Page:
Arts, Culture and Heritage Associate Minister Grant Robertson officially opened the Te Raukura ki Kāpiti performing arts centre on Saturday.

After a ribbon cutting, Mr Robertson was shown through the $12m centre which features a 331-seat main theatre, a black box theatre, dance studio, music room, sound recording studio and nine practice rooms.

On the public open day 3000 people toured the centre, which has been years in the planning, design and building phases.

People see inside Te Raukura ki Kapiti for the first time. Photo / David Haxton
People see inside Te Raukura ki Kapiti for the first time. Photo / David Haxton

Mr Robertson said it was "an absolute privilege" to attend the opening.

Advertisement

He thanked everyone who had been involved in the project, especially Kāpiti College principal Tony Kane.

"This place is a tribute to your dedication and your commitment and is something for you to be proud of.

"I know your school and community is proud of you."

Mr Robertson also thanked college board of trustees chairwoman Cass Carter.

"You have been a driving force of this project.

"It takes leadership to draw people together and to stick with it."

Special mention was made of Sir Jon Trimmer.

Sir Jon Trimmer. Photo / Paddy Riley
Sir Jon Trimmer. Photo / Paddy Riley

"It was someone like you who inspired someone like me.

Advertisement

"Sometimes when I think about my childhood, and the arts, there were sort of shades of grey, now there's so much colour.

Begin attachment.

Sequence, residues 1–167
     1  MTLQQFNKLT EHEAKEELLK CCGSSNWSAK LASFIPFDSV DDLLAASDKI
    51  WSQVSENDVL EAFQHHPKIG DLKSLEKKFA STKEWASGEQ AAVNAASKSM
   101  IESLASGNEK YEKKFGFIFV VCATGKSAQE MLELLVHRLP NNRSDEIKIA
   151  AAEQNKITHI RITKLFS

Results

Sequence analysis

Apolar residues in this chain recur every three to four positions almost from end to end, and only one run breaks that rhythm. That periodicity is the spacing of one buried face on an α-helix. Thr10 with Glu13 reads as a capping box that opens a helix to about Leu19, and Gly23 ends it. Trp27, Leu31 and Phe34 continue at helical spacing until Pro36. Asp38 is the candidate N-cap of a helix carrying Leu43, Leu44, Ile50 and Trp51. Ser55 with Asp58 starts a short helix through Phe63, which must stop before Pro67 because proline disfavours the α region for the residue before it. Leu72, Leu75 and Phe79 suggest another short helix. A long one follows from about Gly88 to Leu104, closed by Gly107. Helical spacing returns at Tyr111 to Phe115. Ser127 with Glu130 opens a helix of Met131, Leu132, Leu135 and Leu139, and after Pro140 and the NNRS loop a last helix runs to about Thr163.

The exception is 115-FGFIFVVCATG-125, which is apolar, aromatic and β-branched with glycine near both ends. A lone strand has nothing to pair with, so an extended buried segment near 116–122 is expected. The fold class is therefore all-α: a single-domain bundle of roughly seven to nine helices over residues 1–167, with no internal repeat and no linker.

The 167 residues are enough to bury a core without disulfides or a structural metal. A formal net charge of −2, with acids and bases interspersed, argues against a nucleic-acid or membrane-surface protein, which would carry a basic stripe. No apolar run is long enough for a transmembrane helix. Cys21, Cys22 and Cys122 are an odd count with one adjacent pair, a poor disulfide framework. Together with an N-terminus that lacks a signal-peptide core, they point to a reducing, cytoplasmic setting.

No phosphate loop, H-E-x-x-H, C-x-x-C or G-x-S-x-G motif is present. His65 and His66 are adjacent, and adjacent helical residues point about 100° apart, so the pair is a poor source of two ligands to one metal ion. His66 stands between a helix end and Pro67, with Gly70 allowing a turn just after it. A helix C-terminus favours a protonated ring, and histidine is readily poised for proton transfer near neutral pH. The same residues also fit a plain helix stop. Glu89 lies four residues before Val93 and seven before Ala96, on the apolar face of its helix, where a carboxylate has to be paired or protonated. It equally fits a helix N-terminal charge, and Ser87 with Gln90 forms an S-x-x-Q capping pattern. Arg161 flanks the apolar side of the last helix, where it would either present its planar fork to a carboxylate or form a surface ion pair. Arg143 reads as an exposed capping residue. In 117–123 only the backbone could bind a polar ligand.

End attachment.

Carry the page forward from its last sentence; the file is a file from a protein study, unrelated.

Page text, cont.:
"And Jon it's people like you who deliver that colour to us, and you continue to do so.

"Thank you for a lifetime of contribution to the arts in our community."

Mr Robertson said Roger Horrocks, a New Zealand filmmaker and biographer, had said the arts are what human beings do at their best.

"This will be a whare to see all of this community at its absolute best."

Te Raukura ki Kāpiti performing arts centre. Photo / David Haxton
Te Raukura ki Kāpiti performing arts centre. Photo / David Haxton

Ms Carter described the opening as "yeeha we finally did it".

"Congratulations to each and everyone of you for your part in this.

"Kāpiti, we did this great mahi together, and now we shine together."

The arts were "incredibly strong in Kāpiti and we have shown that through blood, sweat and tears."

She praised Parihaka for gifting the centre's name.

"It's a community [Parihaka] with an extraordinary history and an extraordinary strength, of whose values our school and the centre now share.

"The power of this name and the values behind it, will support our centre, our college, and our community for generations to come."

Inside the Coastlands Theatre. Photo / Dick van der Oever
Inside the Coastlands Theatre. Photo / Dick van der Oever

Kāpiti College head girl Hayley Searancke thanked Mr Kane and Ms Carter for their vision for the project which started 10 years ago.

"The blueprint has become this amazing architectural gem that stands in front of us.

"The performing arts has a place to call home."

The efforts would "go down in the history of Kāpiti as one of the greatest demonstrations of freedom of artistic expression in our community".